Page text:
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MicroRNAs are absorbed in biologically meaningful amounts from nutritionally relevant doses of cow's milk and chicken eggs and affect gene expression in peripheral blood mononuclear cells, cell cultures, and mouse livers
Throughout the twenty-first century, evidence has been continually increasing to show the importance of epigenetic regulation in health. While the term "epigenetics" can be applied to many different processes, the focus of this dissertation will be on microRNAs and chromatin structure. Ultimately, both of these forms of epigenetic regulation can be used to fine tune gene expression based on environmental cues. The first three chapters of the dissertation focus on microRNA bioavailability, stability, and function from two commonly consumed food products: cow's milk and chicken eggs. This important work has been the first of its kind to demonstrate the bioavailability and function of dietary, animal-based microRNAs. In order to test our hypothesis that dietary microRNA are indeed bioavailable, many experimental protocols have been used. Human feeding studies are the prominent tool used, but important discoveries have been made in cell culture and in a mouse feeding study that add to the significance of this work. The final chapter will focus on a well-known histone modifier: sulforaphane. There have been many positive roles attributed to this compound, but the work presented here describes some potentially negative consequences of high sulforaphane intake. Overall, the conclusion of this work is dietary microRNA are bioavailable and can regulate endogenous gene expression. For the scientific field to determine the contribution of dietary microRNAs to overall health, much more work will need to be performed but the evidence provided in this dissertation indicates it is likely dietary microRNAs play a key role in overall epigenetic regulation. Ongoing studies in our laboratory to further this work and answer some of the current questions are also briefly described.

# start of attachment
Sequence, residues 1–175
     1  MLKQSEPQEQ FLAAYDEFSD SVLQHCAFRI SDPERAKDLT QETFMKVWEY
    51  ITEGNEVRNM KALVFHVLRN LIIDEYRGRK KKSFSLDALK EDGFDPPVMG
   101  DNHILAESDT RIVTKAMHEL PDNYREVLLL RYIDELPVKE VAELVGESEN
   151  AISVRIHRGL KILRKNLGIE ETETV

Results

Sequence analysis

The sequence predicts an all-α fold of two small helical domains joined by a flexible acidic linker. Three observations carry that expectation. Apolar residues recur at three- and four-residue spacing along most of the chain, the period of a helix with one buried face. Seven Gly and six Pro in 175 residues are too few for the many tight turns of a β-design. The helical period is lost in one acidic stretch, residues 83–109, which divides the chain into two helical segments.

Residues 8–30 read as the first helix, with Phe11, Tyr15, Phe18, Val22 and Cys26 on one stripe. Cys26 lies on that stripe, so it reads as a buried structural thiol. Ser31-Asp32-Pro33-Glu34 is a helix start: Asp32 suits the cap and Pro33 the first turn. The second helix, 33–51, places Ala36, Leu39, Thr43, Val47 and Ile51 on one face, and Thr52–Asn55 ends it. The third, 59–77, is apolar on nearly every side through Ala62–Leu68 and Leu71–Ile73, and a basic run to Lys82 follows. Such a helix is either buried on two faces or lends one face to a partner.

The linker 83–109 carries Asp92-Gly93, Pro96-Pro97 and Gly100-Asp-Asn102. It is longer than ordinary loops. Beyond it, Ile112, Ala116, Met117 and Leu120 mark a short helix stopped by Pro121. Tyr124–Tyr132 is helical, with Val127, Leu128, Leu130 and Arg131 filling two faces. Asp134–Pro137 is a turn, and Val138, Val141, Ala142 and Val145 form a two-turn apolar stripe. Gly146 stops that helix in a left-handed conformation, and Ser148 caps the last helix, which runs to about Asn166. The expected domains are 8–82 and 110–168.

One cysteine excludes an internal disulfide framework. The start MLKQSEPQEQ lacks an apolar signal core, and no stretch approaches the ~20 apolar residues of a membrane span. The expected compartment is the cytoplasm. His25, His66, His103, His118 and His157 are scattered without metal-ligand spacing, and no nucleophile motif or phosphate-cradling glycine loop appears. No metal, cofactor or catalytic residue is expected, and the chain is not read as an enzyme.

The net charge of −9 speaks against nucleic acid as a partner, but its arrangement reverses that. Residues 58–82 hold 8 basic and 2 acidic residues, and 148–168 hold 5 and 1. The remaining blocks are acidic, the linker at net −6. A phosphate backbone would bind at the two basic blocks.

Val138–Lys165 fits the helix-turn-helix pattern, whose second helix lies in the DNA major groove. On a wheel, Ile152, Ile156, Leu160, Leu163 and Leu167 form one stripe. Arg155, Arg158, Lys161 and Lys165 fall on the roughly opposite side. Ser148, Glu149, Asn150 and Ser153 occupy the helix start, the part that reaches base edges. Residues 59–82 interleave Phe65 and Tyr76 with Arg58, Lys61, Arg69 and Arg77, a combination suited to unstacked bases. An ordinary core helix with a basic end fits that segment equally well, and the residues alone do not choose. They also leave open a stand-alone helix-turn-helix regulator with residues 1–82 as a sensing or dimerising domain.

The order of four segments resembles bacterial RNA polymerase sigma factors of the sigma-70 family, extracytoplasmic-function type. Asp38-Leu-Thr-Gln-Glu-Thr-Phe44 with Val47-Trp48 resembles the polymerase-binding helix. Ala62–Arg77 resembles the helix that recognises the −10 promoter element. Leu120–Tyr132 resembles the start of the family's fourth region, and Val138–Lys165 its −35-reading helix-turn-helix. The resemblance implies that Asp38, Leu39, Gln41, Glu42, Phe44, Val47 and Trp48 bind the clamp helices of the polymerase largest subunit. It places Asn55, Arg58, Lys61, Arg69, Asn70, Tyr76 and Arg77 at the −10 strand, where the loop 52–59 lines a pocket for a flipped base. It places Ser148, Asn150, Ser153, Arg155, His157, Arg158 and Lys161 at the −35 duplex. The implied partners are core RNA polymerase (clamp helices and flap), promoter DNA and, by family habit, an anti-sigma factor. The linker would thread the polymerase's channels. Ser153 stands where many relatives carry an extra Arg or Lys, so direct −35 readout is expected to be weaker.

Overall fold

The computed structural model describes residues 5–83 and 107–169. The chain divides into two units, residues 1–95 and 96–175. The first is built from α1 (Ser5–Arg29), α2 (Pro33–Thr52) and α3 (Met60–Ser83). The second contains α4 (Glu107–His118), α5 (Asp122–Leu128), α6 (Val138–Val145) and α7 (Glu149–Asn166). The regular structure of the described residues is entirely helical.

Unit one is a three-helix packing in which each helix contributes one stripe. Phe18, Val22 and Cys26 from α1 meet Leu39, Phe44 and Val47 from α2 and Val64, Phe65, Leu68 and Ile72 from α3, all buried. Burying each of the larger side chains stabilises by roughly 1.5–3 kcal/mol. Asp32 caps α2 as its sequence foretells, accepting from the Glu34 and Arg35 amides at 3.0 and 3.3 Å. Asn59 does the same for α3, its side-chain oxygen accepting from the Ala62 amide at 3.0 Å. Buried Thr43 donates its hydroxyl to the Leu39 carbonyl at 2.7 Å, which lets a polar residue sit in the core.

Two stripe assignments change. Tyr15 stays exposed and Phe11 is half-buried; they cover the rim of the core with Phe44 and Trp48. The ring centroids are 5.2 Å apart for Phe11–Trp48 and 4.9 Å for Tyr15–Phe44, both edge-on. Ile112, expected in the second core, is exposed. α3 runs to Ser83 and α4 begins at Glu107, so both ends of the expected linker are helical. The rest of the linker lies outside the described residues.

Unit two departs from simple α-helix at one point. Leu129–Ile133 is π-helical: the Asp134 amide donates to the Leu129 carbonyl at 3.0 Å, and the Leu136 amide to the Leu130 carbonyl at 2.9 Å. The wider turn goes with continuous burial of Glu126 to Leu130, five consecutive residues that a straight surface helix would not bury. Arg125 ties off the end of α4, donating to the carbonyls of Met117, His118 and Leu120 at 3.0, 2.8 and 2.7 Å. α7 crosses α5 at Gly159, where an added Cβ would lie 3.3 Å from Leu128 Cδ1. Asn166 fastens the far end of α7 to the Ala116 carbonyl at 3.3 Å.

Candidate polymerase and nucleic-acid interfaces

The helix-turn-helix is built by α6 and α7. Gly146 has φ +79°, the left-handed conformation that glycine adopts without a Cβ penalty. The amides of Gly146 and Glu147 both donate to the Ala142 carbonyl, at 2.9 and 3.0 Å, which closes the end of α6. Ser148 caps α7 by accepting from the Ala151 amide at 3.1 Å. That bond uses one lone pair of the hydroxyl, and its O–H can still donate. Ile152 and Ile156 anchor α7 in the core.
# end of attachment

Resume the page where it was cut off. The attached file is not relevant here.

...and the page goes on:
Baier, Scott, "MicroRNAs are absorbed in biologically meaningful amounts from nutritionally relevant doses of cow's milk and chicken eggs and affect gene expression in peripheral blood mononuclear cells, cell cultures, and mouse livers" (2015). ETD collection for University of Nebraska - Lincoln. AAI3689330.